Ladar Levison shut down his secure email service Lavabit in 2013, when the Feds served a warrant and gag-order on him, seeking to get him to backdoor his service to let them snoop on someone. Everyone since then has known that the target of the order was Edward Snowden, but Levison faced jail time if he ever admitted it out loud, under the terms of the gag-order.
Levinson's sued the US government and ever since he's been agitating to get them to publish the case files. The US government just released some of the redacted files into PACER, the open court records system. They redacted all the data that would help a reader identify the target of their warrant, except one thing: his email, which was Ed_Snowden@lavabit.com.
Cut to now. With the Lavabit case long ended, Levison has kept fighting to get more of the documents unsealed and unredacted. He’s been using money raised by supporters back in 2013 to fund the fight for transparency. He filed a motion in December asking an appeals court to unseal documents and vacate a non-disclosure order that has silenced him about the target. It turns out he was a little more successful in that latter request than he thought he was—with a little help from a government error. After a hearing earlier this year, a court denied his motion to unseal and vacate but ordered US attorneys in the case to re-release all “previously filed pleadings, transcripts, and orders” with everything unredacted except “the identity of the subscriber and the subscriber’s email address.” After some negotiation, the government got the court to agree to let it redact other information as well that might harm its investigation into the target.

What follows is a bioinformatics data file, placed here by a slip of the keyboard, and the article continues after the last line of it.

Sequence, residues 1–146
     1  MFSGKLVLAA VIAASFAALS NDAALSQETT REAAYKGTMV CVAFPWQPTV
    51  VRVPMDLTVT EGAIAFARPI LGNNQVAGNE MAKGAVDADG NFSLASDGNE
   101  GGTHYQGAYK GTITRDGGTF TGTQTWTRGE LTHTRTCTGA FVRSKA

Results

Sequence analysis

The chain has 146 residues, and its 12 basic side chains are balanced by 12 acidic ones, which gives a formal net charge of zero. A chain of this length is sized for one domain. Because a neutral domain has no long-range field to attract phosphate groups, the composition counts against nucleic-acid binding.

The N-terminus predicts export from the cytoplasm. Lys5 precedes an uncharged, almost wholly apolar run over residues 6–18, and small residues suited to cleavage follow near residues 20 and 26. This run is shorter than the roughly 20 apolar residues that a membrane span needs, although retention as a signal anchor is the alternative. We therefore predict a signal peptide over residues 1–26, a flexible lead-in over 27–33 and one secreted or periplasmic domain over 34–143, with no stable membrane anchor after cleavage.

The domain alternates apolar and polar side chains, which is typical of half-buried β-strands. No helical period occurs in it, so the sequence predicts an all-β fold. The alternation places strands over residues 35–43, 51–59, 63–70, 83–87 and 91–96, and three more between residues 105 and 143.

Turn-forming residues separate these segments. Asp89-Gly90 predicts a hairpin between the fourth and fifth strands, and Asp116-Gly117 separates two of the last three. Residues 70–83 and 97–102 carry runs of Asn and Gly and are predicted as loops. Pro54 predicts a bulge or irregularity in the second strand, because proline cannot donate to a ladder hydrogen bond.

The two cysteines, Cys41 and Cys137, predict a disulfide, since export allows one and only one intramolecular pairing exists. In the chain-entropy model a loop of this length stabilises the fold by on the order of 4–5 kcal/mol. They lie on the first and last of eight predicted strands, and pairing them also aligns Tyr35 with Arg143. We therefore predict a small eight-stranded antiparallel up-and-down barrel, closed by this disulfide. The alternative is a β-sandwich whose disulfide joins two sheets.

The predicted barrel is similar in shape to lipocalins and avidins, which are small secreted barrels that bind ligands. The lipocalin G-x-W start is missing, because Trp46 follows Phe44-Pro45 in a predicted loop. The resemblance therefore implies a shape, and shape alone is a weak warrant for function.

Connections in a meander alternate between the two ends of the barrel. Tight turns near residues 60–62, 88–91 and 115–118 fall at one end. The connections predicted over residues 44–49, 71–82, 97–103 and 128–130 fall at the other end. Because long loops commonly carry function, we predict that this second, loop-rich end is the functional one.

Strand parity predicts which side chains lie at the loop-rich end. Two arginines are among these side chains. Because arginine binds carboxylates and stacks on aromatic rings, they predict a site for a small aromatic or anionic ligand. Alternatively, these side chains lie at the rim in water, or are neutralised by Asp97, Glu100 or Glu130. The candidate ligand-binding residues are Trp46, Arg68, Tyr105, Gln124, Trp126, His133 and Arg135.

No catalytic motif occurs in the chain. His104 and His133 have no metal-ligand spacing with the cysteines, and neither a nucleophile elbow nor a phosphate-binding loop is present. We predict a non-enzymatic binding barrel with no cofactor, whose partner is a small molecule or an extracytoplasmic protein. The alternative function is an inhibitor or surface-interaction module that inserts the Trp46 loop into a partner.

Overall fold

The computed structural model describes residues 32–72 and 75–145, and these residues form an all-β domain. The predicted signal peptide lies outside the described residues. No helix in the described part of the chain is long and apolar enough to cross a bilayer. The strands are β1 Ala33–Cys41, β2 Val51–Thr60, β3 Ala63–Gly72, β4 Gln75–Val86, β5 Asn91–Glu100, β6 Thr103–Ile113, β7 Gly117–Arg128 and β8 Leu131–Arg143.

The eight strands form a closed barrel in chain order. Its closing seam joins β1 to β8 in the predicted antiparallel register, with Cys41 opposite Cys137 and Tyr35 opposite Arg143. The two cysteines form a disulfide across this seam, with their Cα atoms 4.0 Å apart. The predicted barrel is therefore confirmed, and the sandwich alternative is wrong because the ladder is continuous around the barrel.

A Government Error Just Revealed Snowden Was the Target in the Lavabit Case [Kim Zetter/Wired]
In my 2008 novel Little Brother, the underground resistance uses a secure operating system called "Paranoid Linux" that is designed to prevent surveillance and leave no evidence of its use; that was fiction, but there's a real Paranoid Linux out there: Tails, The Amnesic Incognito Live System, and it turns 10 today.
Since the 1990s, governments around the world have waged war on working encryption, arguing that "civilians" should be limited to using crypto with known defects that allow it to be broken, so that "good guys" can chase "bad guys."
Science fiction writer, essayist, and Macarthur "genius" Jonathan Lethem (previously) has excellent bona fides to write about Edward Snowden: not only has he helped make a short film about the Snowden leaks, he's also spent years on the right side of the fights over surveillance and free expression (and it doesn't hurt that he's an […]
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